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Demand brings Martin Luther King opera back to Charlotte
Opera Carolina's 'I Dream' returns in 2020
Published Friday, August 16, 2019 11:48 am
by Ashley Mahoney | The Charlotte Post

The opera “I Dream,” which tells the story of Martin Luther King’s final 36 hours,  returns to Opera Carolina in April 2020 at Belk Theater.

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Opera Carolina is going back to the candy store.

Douglas Tappin’s “I Dream” was dubbed the candy store of opera during its Charlotte debut in 2018. Demand for its return was so high that Opera Carolina decided to conclude their 71st season with the production. However, multiple changes accompany Tappin’s rhythm and blues of the final 36 hours of Martin Luther King Jr.’s life. The show will take place at Belk Theater, rather than Knight Theater. It takes place April 19, 23 and 25.

“It was a big success in May 2018,” said Opera Carolina’s Artistic Director Maestro James Meena. “More than 80 percent of the audience said they wanted to see the piece within two years. We looked at scheduling, and decided not to wait, but to bring it back straight away in April of 2020, and really leverage that energy and that enthusiasm.”

Derrick Davis returns in the role as Martin Luther King Jr. However, Laquita Mitchell will not return as Coretta Scott King as she is not available. Alyson Cambridge, who recently portrayed Carmen for Opera Carolina, will step into the role. Ralph Abernathy will still be played by Kenneth Overton and Victor Ryan Robertson returns as Hosea Williams.

“That gives us a very strong cast,” Meena said. “Anyone who saw our ‘Carmen’ knows that Alyson is a terrific singing actress. We’re in good shape so far with the changes we’re making.”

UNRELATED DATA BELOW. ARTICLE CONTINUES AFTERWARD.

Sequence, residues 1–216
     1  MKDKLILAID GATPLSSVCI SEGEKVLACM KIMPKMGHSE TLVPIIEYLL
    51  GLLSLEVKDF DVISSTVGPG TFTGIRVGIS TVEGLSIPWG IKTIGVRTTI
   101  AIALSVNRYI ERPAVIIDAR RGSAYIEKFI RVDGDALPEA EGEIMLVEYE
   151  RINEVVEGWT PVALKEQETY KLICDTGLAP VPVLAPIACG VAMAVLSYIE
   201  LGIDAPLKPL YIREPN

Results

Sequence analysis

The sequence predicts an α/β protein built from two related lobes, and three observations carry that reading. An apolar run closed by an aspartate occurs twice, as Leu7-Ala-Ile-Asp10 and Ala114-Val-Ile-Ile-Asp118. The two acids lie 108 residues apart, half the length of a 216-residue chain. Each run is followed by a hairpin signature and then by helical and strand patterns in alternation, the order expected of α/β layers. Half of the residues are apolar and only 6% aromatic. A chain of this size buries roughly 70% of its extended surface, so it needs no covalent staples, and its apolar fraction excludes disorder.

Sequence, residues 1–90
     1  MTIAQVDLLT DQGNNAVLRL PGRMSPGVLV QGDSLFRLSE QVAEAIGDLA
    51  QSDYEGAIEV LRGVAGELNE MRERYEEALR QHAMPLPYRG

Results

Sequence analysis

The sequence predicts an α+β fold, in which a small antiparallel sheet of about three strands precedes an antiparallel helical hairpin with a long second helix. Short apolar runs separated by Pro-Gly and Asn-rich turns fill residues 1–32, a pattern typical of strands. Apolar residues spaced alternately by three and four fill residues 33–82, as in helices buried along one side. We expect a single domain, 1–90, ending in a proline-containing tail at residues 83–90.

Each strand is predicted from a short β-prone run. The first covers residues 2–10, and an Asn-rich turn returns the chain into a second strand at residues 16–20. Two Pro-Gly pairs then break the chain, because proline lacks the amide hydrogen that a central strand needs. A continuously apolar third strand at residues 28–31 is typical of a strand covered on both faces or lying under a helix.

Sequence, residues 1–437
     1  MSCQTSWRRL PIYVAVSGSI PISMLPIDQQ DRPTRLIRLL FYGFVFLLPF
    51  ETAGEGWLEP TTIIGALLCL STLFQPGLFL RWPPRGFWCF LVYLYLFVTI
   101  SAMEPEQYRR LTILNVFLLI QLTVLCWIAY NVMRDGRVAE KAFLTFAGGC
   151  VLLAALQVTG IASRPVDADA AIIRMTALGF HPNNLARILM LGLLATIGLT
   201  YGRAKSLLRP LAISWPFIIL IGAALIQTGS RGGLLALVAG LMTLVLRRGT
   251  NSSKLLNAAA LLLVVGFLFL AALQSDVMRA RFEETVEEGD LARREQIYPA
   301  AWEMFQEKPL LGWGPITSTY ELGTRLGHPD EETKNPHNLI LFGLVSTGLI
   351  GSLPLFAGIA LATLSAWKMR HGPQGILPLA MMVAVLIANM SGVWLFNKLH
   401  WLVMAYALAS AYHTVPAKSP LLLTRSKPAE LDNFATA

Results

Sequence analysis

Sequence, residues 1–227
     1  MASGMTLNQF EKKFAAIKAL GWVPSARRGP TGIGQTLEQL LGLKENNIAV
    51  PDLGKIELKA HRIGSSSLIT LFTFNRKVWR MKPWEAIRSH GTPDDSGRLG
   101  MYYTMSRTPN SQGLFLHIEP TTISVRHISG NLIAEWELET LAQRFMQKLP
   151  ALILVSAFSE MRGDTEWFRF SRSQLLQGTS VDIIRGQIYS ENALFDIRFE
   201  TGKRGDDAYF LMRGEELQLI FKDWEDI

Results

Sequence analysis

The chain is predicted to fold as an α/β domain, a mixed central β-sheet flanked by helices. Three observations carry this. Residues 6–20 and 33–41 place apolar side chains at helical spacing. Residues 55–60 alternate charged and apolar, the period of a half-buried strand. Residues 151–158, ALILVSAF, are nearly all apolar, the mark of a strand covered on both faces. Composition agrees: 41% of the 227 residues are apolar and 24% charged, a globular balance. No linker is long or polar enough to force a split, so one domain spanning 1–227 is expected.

While the story itself remains the same, a few scenes will look different.

“We wanted to change the ending of Act I,” Meena said. “In an earlier version that we had been working on, Act I ended on a very uplifting tone, after the court decision in Montgomery about busing. The new version just keeps building from that high point to the end of Act I, as opposed to the version that we originally performed where it was more about Martin and Ralph pledging to keep going on the fight. It was a very different mood. It was beautiful, but I felt that it was important to end Act I on that high note, because Act II then becomes much more serious, and much more introspective.”

Another scene change includes that of Claudette Colvin and Rosa Parks.

“We want to explore the idea of community and family more,” Meena said. “It was kind of there, but it wasn’t as powerful as we think we can make it. Those are two big changes we will be making to Act I that we hope makes that whole narrative much more interesting for everyone.”

For more information: https://operacarolina.org


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